Requipper Spotlight: Climber Favia Dubyk
Updated: Jul 23, 2021
In this Spotlight, we sat down with amazing climber and full time physician, Favia Dubyk, to talk about her journey into climbing and upcoming projects!
When did you start climbing?
The first time I set foot in a climbing gym was probably around August 2009. I had just googled things to do while in Nashville, TN, because my parents had recently moved to a town where I didn’t have many friends. I had one friend and we had already gone to the mall a billion times, seen every movie in the theater, and even seen some twice. It was time to figure out some new activity.
We were total newbies: we didn’t understand belaying, didn’t even understand bouldering. We were like, why doesn't that area have ropes! I started grad school at Columbia a month later. My roommate had gone climbing a few times before and said that the gym had a discount for an annual membership. I signed up and we went a few times, but then I didn't really like it so I stopped. I just enjoyed being single and young in Manhattan until it was about time for me to move away for med school in the summer of 2010.
Before leaving, I calculated how many times I had to go climbing to break even for my annual membership. I used rental shoes, I wasn’t serious at all. During that time of making myself go I absolutely fell in love with the sport. I had no clue outdoor climbing even existed, I thought it was solely in a gym.
I then moved to Cleveland for med school and the next day I was at the rock gym. Someone asked if I climb outside, I said what do you mean, plastic holds on trees? Finally, someone said let me just show you what outdoor climbing is. I went and was like wow, this is weird, there are no foot holds, how do you know where to climb? I took a trip to Coopers Rock in West Virginia and that is where it started to kind of click. I liked the whole idea of going on a trip with friends, bonding, and the trust you have to put into your spotters. That makes a deeper connection between people. After that trip I was hooked.
What is your favorite part of the sport?
Toe hooks! That might be my actual answer.
I like how climbing connects people. It’s not a ubiquitous sport so when you meet someone who loves it just as much as you do it’s a great way to connect. Outside of the people, I enjoy just feeling strong and the creativity that comes with that: you have to use your body and your mind to figure out how to solve a puzzle. There’s still nothing better than a good toe hook.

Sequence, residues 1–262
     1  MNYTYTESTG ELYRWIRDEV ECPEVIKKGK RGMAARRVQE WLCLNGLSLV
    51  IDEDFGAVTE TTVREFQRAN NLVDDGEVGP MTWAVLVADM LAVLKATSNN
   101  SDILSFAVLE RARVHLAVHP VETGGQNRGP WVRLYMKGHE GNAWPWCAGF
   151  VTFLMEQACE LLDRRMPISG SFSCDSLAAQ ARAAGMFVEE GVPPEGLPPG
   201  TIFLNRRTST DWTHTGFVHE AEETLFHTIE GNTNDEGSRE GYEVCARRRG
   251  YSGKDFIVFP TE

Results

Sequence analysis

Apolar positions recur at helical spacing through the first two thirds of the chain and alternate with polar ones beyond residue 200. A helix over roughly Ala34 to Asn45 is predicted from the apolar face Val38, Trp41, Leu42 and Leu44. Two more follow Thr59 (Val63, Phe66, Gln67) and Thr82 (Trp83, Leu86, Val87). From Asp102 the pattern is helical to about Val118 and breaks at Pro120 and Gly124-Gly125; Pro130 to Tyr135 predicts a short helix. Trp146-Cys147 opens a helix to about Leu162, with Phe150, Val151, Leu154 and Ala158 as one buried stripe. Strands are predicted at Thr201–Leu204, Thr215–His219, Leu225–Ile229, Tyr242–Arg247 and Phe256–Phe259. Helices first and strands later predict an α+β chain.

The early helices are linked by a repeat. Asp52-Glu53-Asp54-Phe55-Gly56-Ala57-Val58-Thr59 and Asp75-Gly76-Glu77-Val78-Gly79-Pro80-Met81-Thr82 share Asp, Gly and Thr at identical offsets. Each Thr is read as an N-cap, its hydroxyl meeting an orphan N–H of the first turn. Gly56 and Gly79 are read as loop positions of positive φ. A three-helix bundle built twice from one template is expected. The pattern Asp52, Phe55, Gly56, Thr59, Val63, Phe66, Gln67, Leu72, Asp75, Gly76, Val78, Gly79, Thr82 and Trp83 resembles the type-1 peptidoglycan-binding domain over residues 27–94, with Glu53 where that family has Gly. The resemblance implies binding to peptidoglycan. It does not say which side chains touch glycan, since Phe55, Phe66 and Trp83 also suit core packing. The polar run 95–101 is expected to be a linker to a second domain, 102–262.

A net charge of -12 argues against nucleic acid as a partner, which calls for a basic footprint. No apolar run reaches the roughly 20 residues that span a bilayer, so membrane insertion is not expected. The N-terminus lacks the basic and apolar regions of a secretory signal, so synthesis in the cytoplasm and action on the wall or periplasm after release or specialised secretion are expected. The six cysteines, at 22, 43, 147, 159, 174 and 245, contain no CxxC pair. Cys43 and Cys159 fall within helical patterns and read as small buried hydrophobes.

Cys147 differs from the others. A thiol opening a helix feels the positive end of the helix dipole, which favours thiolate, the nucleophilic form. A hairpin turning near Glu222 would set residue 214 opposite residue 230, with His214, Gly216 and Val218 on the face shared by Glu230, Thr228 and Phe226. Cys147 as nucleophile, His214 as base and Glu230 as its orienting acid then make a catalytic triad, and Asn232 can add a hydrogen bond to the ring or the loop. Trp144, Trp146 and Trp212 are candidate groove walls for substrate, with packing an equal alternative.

Do you have a climb you’re most proud of?
Probably my send of Chung Lee V11, local to Albuquerque. I did a billion toe hooks on it. I had been working it for a solid 8 months or so before finishing in December 2019. I pretty much went there at least once a week for months, sometimes twice a week, sometimes Saturday and Sunday. I kept falling on a move past the crux, which was super frustrating. One day, I watched video of Ben Hanna on it and saw he was full crimping on the hold I kept falling on. After that, I sent it immediately!
Who are your role models?
When I started out I didn’t know anything about Instagram, had never heard of it. I knew only local people at our gym, like I really looked up to a woman named Lena. She was a super strong petite woman which is similar to my body type. I started learning about Instagram and there was a whole world of pro climbers–I didn’t know that there were pro climbers out there. Once I discovered that, Allison Vest, Kyra Condie, Molly Thompson Smith and Akiyo Noguchi became my inspiration.
What impact would you like to leave on climbing?
My goal is for people to see that you can achieve your goals if you work hard towards them. You can have hiccups along the way but just being determined can get you a long way. I had made the assumption that if you’re a pro climber, things come easy, you’re naturally good at dynoing/technique. I want to show that as someone who has no natural technique and is afraid of everything, you can still climb.
How do you balance training with your job?
I’m a full time physician and I’m a pathologist just now finishing fellowship. I did 4 years of medical school, 4 years of residency, 1 year of fellowship. Some weeks I worked over 100 hours. Good time management skills and sacrifices are necessary to balance everything. I can't do all the fun things I want to now. After I go to work, then my training starts immediately until 10:30 or 11pm. I go to bed and start all over again. I don’t have a lot of time to just hang out.
What are your goals for climbing?
My goal for this year is to climb V12 and learn to dyno. I set resolutions every year, but more generally I'm hoping to learn trad this year and get more comfortable on lead.
What surprised you the most about your journey into professional climbing?
I was surprised that I love outdoor climbing! I was never in the outdoors growing up–my first hike was as a senior in college. I was in upstate NY and my friends had to hold my hand because I was so terrified of being in nature. On my first overnight climbing trip for climbing a friend had to hold my hand while I peed in the dark because I was scared to go off for myself. I went from being absolutely terrified to walk in the woods in the daytime to climbing by myself at night.
If you could change something about climbing culture what would it be?
I would have it so everyone was accepting of people no matter their sex, race, gender, sexual orientation. As a Black woman, it’s difficult in the climbing world. Growing up doing outdoor sports was considered to be a white activity. Having more Black climbers out there in the public eye shows to future young climbers, that everyone can enjoy the outside.
All photos courtesy of Favia Dubyk.